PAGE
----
We're sat opposite Palmer Luckey, 21-year-old inventor of the Oculus Rift. There's so much we want to ask him but right now he's too busy explaining his plans to build the ultimate Pokemon team.
"Charizard's actually competitive again now that you have mega Charizard Y because his ability brings the sun out, so he's a great sweeper."
Seeing him geek out with so much passion, we've never been more glad that this is the person who controls the fate of Oculus Rift.
Why did he do it? Because he could. Because the technology for a proper virtual reality headset was finally ready. But perhaps most importantly, because he believed it was time for a shake up. "What people have available to them on the market in terms of game consoles and other platforms, I don't think it's exciting to them." Luckey tells it how it is.
You probably know the Oculus Rift story by now. The prototype hardware available to developers is still in its early stages but a commercial release is nearing. Until then, the team have their hands busy with a lot of tweaking and prodding left to do.
"We're working on higher resolution, positional tracking so we can track full movement through space, reducing motion blur, latency - all those issues that really can take you out of the experience sometimes, so the rift is as invisible as possible," says Luckey.
Research in motion
Solving motion sickness has perhaps been the biggest hurdle for Oculus to overcome, but Luckey assures us that the team have made huge strides in solving this.
"We already have internal prototypes that for some content completely eliminate motion sickness," he says. "Our newer hardware is much better and it greatly reduces the chances of someone getting motion sick."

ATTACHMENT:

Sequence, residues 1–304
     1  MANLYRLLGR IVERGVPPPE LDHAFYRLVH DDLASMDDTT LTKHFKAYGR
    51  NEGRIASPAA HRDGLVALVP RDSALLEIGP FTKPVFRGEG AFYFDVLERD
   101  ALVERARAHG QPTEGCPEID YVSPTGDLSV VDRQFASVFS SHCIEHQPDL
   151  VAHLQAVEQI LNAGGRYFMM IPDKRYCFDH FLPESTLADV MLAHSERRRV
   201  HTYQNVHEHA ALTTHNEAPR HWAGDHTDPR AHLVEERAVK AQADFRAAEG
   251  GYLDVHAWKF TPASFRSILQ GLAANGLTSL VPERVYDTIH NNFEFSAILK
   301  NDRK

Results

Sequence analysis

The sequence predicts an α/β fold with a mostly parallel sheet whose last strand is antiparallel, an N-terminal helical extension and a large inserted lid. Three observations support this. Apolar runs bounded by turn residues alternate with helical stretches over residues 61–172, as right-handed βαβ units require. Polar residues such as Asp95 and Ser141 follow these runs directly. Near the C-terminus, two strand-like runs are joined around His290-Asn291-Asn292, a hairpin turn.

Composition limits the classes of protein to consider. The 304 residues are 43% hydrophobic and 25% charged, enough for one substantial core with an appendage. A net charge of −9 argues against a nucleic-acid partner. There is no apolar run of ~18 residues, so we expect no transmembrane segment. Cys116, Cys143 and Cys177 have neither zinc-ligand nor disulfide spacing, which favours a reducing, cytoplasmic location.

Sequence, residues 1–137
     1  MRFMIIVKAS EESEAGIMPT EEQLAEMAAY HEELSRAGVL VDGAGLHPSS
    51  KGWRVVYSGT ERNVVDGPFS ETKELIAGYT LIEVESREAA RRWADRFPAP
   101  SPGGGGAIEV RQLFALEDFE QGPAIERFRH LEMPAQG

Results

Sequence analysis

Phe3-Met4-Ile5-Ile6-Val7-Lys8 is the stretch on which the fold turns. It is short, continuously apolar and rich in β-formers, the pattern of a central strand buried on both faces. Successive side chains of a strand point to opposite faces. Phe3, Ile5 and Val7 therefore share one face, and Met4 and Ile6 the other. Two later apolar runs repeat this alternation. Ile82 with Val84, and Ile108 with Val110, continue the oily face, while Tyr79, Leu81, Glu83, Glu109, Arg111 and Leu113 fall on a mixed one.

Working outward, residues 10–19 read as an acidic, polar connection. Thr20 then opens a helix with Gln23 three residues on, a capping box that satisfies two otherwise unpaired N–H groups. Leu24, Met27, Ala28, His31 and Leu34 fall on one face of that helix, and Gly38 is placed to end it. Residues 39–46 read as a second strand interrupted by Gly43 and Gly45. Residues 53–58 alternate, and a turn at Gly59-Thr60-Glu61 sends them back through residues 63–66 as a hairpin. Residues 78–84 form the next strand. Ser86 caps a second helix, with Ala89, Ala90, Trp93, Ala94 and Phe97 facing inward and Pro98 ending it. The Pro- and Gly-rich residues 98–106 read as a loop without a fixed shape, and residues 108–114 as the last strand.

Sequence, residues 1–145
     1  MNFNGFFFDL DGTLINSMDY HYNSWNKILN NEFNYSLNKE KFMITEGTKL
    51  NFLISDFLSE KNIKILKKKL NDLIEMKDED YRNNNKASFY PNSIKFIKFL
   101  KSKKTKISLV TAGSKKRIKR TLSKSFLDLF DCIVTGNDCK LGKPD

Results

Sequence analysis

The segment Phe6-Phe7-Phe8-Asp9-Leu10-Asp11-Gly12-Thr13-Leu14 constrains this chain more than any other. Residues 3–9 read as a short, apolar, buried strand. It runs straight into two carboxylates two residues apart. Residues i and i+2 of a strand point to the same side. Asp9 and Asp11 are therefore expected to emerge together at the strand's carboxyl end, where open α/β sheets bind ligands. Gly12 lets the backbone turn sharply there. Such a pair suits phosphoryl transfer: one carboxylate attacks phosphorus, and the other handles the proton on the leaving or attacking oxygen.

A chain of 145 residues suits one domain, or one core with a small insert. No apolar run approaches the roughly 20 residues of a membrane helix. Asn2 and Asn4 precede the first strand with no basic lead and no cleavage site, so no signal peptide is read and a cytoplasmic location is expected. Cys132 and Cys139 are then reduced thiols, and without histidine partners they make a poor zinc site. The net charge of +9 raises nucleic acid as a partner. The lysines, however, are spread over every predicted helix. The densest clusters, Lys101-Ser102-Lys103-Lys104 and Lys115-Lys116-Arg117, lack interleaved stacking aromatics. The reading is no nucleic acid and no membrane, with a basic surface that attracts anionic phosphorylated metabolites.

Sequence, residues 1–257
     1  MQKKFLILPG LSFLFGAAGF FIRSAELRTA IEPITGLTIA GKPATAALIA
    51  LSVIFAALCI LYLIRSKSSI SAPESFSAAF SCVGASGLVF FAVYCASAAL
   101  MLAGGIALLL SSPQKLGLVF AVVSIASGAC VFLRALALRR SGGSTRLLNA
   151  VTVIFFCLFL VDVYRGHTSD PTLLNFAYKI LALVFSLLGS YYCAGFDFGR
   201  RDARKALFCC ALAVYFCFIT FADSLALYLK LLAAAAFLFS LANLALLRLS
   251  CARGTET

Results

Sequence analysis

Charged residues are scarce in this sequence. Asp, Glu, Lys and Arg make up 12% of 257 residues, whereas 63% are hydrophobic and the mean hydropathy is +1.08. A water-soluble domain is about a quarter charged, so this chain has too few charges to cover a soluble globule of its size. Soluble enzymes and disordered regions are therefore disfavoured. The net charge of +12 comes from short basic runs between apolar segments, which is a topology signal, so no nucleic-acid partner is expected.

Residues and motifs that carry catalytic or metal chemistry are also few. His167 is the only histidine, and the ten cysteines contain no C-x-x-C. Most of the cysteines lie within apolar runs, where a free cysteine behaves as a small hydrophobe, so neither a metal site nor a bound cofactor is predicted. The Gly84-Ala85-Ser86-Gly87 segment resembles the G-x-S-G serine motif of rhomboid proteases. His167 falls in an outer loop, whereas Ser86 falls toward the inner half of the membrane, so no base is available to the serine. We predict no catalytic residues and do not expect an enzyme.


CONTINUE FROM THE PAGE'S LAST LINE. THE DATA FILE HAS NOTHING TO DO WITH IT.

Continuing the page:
However, experiencing a little uneasiness during simulated high speed motion should come as a surprise to no one. "The run speed in Unreal Tournament 3 is something like 30 miles an hour," says Luckey. "And instant acceleration backward 40 miles an hour... the human body does not handle it well.
"So a lot of this work that has to be done to make games work in VR is really making games that won't make people sick in reality while still keeping the limitations of VR in mind."
He also says it's something we'll get used to, given time. "Currently it's something that most people do adapt to after spending time with it their brain learns to handle it. Most people don't get motion sick after they learn to accommodate."
We'll be seeing the finished product in "months, not years", he reassures us when we raise our concern that the current Q3 2014 target might be too optimistic.
Perhaps we're wrong to have any doubts - with John Carmack now on board as Chief Technology Officer, the Rift is only picking up momentum. "He's super smart, he's working on everything," Luckey tells us.
"Carmack is more of an engineer than a game designer. We have people on the team who are game designers and who have come from that background. His game design background is not the thing that's being applied the most in Oculus right now, it's his incredible programming talent and understanding of how to integrate hardware with software effectively."
Setting sights on next gen
The mastermind behind Doom might be hopping into bed with the Rift but neither Sony or Microsoft seem particularly interested in Oculus right now (though that doesn't mean they're not pursuing their own VR solutions). Is Luckey planning to get cosy with either the Xbox One or PS4?
"Consoles are too limited for what we want to do," he says. "We're trying to make the best virtual reality device in the world and we want to continue to innovate and upgrade every year - continue making progress internally - and whenever we make big jumps we want to push that to the public."